Extending the Second Avenue Subway west along 125th Street, including two to four new subway stations. Alternatives being considered include: terminating at Broadway and 125th Street, turning north under Broadway to a connection at 137th Street, turning north under Riverside Drive to a connection at 137th Street, and turning north under St. Nicholas Avenue and continue along the 8th Ave Line north of 135th Street.
Second Avenue Subway, phase 3
Extending the Second Avenue Subway south by three miles, from 72nd Street to Houston Street, including construction of six new subway stations at 55th, 42nd, 34th, 23rd, 14th, and Houston streets.
Speonk-Montauk capacity improvements
Adding capacity on the Long Island Rail Road’s Montauk Branch between Speonk and Montauk, including signal upgrades and associated infrastructure work.
Staten Island North Shore bus rapid transit (BRT)
Implementing two new BRT routes for approximately nine miles in an exclusive lane on Richmond Terrace, and in mixed traffic along South Avenue.
Staten Island West Shore transit improvements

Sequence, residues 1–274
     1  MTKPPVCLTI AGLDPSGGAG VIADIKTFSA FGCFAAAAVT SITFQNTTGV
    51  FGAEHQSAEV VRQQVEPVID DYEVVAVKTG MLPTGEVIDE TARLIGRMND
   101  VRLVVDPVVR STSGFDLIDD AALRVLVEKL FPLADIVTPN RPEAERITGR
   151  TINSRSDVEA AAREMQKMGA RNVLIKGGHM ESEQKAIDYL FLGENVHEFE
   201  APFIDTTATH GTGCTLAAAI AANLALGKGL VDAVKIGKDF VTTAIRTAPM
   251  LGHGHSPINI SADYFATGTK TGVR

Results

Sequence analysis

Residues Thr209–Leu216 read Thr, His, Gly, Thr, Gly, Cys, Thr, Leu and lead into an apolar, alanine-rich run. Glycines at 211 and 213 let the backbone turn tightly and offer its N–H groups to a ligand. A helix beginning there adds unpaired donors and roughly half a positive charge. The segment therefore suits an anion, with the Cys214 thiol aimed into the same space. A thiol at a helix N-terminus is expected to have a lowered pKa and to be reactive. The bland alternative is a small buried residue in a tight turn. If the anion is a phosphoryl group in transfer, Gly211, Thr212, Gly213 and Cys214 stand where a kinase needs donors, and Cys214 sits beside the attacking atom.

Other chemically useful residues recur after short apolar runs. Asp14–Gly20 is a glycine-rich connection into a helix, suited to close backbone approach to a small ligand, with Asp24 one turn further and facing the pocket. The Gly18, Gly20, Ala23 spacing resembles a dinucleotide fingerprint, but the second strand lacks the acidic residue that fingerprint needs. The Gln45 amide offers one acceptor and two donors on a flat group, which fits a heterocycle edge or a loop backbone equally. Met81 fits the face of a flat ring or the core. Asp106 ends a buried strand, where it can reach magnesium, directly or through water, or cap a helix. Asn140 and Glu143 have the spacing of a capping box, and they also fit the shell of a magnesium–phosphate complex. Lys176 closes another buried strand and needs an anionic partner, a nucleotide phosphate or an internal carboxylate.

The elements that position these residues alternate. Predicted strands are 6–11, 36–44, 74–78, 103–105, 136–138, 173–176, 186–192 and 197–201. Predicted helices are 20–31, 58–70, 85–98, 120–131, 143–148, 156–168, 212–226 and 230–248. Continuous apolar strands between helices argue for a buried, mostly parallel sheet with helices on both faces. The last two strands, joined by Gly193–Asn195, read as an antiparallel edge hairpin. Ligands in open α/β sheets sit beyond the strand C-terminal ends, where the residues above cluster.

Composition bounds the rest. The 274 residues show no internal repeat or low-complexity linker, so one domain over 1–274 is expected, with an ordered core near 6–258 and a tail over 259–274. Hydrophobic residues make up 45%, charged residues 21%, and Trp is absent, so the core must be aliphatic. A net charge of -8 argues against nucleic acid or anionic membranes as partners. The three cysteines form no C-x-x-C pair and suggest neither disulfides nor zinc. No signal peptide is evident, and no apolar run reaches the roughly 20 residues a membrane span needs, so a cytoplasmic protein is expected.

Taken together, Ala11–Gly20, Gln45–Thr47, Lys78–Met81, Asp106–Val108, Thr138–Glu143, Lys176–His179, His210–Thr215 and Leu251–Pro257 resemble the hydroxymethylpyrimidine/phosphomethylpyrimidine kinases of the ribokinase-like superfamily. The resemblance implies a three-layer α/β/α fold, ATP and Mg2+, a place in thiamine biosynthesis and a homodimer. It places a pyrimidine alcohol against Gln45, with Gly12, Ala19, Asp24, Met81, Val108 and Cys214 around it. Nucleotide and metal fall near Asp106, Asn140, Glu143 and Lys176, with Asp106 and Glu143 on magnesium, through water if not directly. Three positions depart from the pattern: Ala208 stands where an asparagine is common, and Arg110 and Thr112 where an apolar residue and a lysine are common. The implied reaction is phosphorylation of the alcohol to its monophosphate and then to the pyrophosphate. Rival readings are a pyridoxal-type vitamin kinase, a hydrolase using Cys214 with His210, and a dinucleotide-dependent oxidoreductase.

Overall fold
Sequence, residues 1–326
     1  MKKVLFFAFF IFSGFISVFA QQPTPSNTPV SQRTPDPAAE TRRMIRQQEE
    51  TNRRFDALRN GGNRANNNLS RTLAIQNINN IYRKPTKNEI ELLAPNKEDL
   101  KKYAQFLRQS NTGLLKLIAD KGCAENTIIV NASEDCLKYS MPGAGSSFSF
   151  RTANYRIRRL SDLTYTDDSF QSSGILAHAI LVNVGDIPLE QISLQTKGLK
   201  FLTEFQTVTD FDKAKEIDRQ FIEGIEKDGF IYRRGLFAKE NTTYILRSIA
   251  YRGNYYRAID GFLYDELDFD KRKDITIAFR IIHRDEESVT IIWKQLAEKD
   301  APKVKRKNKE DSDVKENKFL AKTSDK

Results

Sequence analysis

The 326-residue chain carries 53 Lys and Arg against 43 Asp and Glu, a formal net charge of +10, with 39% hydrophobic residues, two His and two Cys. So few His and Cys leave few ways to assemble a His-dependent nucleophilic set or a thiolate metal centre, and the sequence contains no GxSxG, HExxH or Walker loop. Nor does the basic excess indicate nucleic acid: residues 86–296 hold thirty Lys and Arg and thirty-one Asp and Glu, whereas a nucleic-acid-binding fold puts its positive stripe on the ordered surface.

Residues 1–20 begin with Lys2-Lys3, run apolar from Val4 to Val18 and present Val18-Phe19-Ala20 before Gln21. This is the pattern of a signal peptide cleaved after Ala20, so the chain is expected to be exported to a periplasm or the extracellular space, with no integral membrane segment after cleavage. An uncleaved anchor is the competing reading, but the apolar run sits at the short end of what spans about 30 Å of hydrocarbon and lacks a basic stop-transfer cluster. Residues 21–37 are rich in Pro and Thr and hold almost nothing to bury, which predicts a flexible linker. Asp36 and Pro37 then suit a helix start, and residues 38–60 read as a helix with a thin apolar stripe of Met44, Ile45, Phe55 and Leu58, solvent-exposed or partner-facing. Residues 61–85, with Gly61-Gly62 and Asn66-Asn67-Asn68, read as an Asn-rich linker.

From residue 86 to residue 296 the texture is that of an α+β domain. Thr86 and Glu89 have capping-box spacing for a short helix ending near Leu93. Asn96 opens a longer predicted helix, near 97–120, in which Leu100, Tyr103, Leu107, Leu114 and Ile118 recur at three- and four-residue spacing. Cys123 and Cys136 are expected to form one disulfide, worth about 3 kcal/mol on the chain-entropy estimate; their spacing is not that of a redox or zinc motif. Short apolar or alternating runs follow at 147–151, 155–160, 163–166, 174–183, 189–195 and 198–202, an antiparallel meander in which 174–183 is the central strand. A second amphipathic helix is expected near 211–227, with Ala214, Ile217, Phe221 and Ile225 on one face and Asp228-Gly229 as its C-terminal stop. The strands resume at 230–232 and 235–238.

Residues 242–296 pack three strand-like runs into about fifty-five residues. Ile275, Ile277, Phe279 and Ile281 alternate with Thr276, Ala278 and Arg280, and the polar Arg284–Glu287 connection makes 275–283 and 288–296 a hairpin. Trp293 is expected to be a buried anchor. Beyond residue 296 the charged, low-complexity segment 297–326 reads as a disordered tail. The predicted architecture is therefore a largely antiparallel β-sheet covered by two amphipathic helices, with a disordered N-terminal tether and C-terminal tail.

Improving transit connectivity for the West Shore of Staten Island. Alternatives being considered include: Transportation Systems Management (TSM); BRT along the West Shore Expressway from Tottenville to Newark Liberty International Airport and North Shore; and BRT along Korean War Veterans Parkway and Richmond Avenue from Tottenville to Bayonne.
Sunnyside and Long Island City transit improvements
Assessing the transit needs of the Sunnyside/Long Island City area, including potential new Sunnyside Long Island Rail Road and Metro-North Station.
Utica Avenue transit improvements
Improving transit options along the Utica Avenue Corridor in southeast Brooklyn by considering a variety of options including improvements to existing subway capacity, BRT enhancement along the Utica Corridor, partial or full subway extension along Utica Avenue, or a combination of the above.
W line extension to Red Hook
Extending the line from Whitehall St. in Manhattan through the Montague Street Tunnel to Red Hook, Brooklyn, including new stations at Columbia Waterfront (Columbia and Kane streets.), Atlantic Basin (Van Brunt and Verona streets), and Red Hook (Lorraine and Hicks streets), as well as a possible continuation to the existing station at 4th Ave-9th St.
West of Hudson Regional Transit Access Study, Stewart Airport Link
Improving mobility and accessibility between Orange County, Stewart International Airport and the surrounding regions, the lower Hudson Valley, and New York City.
This is a list of projects to be evaluated. These projects have not been selected or funded but will be comparatively evaluated for consideration on a level-playing field for future Capital Programs.